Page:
Digital downloads are one of those things that seem to divide people: you have folks who are used to using paper patterns and swear by them, then you have others who seem to only use PDF patterns. This isn’t by any means specific to sewing, there’s the same dilemma with knitting and crochet too. As someone who started with paper sewing patterns and is gradually moving towards buying and using more PDF patterns (mostly fuelled by the ease of downloading PDF crochet patterns, or reading a crochet pattern from a blog), I thought I’d have a look into what the benefits actually are for digital downloads over paper patterns.
The most obvious benefit of a digital download is that it’s instant; even if you choose to have a copyshop print your sewing patterns on A0, you’re able to read the instructions and work out how to assemble the item while you wait for the copyshop. This is even more beneficial for crochet and knitting patterns, since there isn’t anything that you actually need to have printed out – plus if you do choose to print, say, a pattern chart out for reference, you can do it quickly from home. It’s therefore really easy to buy a pattern and start working on it immediately (assuming you already have the yarn, hooks or needles and anything else it requires of course).
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Costs of PDF vs paper
Printed paper patterns are far more expensive for designers to produce than PDFs – you’ll commonly find therefore that smaller, independant designers tend to produce digital patterns only for quite some time until they can afford to produce printed patterns. This can sometimes mean that paper patterns are more expensive than their digital counterparts – this isn’t always the case, but it can be depending on the designer.
PDF sewing patterns typically have two main options for you to print – either you can print it at home on A4 paper and stick it all together, or you can have a copyshop print an A0 page for you, making it the same size as a “traditional” paper pattern. If you choose to have a copyshop print the pattern for you, then it would be reasonable to say that any difference in monetary cost is negligable, since you’re paying someone to print and post the pattern to you.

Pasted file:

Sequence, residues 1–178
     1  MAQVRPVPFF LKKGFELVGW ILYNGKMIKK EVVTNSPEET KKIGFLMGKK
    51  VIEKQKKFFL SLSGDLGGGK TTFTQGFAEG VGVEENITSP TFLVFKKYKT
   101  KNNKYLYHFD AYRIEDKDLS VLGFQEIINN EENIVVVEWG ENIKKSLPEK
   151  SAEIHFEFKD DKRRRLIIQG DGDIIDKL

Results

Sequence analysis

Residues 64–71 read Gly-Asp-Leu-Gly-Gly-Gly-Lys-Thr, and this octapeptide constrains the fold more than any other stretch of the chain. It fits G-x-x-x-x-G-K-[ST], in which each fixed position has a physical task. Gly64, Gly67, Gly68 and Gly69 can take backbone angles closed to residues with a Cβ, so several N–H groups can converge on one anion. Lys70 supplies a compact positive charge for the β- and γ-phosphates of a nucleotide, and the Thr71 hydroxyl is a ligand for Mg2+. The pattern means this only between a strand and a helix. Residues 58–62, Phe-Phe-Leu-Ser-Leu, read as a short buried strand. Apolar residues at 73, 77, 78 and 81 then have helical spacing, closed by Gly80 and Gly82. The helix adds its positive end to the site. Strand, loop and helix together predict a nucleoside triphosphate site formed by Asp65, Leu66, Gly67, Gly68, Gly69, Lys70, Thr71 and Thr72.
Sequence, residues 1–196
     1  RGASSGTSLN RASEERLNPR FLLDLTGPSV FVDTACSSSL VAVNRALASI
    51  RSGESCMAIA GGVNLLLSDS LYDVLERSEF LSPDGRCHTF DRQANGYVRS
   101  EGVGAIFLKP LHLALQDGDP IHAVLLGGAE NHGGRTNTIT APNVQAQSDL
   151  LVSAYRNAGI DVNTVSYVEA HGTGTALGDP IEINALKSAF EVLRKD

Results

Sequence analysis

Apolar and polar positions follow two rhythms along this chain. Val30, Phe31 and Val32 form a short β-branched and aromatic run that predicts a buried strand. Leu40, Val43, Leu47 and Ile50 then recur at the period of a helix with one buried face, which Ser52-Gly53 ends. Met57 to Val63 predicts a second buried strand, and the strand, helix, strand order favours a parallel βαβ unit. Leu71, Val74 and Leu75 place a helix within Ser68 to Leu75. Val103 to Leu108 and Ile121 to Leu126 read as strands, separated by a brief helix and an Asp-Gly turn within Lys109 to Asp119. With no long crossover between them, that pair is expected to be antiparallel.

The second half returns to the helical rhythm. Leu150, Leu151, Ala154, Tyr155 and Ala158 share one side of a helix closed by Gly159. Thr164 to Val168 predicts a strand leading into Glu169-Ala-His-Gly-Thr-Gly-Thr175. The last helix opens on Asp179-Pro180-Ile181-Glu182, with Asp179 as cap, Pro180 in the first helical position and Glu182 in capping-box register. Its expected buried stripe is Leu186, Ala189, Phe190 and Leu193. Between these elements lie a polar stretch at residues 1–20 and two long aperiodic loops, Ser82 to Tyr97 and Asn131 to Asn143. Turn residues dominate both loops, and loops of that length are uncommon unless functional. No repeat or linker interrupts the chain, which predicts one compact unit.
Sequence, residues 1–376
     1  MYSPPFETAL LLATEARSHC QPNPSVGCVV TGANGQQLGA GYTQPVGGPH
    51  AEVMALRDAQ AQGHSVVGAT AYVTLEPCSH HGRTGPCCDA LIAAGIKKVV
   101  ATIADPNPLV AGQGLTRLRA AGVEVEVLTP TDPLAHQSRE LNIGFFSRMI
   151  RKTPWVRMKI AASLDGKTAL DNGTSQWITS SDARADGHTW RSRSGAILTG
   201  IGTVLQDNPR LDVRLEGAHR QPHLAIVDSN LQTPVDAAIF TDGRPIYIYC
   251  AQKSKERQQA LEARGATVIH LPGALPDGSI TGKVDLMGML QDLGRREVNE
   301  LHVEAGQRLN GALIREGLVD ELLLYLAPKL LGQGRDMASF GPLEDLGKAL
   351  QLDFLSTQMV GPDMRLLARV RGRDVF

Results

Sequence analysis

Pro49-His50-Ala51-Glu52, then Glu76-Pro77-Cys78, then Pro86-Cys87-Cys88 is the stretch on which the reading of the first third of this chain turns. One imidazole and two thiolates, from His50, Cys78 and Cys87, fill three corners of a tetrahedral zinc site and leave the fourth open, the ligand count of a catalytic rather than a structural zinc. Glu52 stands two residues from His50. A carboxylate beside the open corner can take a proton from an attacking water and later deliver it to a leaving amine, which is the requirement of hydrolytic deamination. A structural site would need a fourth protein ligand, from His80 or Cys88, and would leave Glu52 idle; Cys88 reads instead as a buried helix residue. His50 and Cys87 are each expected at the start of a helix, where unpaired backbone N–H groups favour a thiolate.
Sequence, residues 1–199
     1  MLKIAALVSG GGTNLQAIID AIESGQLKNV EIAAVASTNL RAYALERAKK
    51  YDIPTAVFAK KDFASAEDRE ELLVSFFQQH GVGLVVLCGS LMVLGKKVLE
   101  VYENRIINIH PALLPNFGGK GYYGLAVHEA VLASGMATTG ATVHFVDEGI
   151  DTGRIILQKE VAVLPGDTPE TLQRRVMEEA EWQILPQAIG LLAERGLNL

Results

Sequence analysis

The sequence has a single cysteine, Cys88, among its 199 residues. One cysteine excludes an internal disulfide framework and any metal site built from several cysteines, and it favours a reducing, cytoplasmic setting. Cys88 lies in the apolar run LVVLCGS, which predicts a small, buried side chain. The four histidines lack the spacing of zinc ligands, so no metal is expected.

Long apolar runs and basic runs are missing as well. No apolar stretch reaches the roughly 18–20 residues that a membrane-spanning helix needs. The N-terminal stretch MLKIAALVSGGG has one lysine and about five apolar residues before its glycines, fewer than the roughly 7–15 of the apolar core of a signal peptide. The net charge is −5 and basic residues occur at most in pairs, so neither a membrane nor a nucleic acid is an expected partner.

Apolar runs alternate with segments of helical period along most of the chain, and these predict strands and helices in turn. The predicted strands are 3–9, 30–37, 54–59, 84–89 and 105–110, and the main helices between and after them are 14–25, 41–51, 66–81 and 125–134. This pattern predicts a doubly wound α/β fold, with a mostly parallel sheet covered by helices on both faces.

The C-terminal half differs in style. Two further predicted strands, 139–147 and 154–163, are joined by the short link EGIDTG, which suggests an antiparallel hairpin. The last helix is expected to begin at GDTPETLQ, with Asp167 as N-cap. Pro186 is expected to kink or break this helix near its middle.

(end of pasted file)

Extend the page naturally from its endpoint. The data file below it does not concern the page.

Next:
However, cost doesn’t always refer to money: if you have a pattern which is 40+ A4 pages, it can take a lot of time to print all those pages (depending of course on your printer) and even longer to match them all up to where they should be and stick them together. Sometimes paying someone else to do something for you is worth saving yourself the time and effort. If you place your order with the copyshop when you buy the pattern, you’ll only have to wait a couple of days for it to arrive – which you may well have to wait anyway if you’re buying your fabric and notions after buying the pattern. Of course with paper patterns, you don’t have this issue, but you will still have to wait for it to be posted if you’re buying online (as we all have to do at present).
Cost can also come down to the source of the pattern. If the pattern is in a magazine, you’re often getting multiple patterns for a similar price to what you’d pay for one – and this is true of both physical magazines and their digital counterparts. However, it may well be the case that the individual pattern you’re interested in is far cheaper to purchase by itself after the magazine has been published – in the case of knitting and crochet patterns, many are free or only cost £2-5. Sewing patterns typically cost between £10-15 even for PDF patterns though, so it may still be cheaper to get the magazine.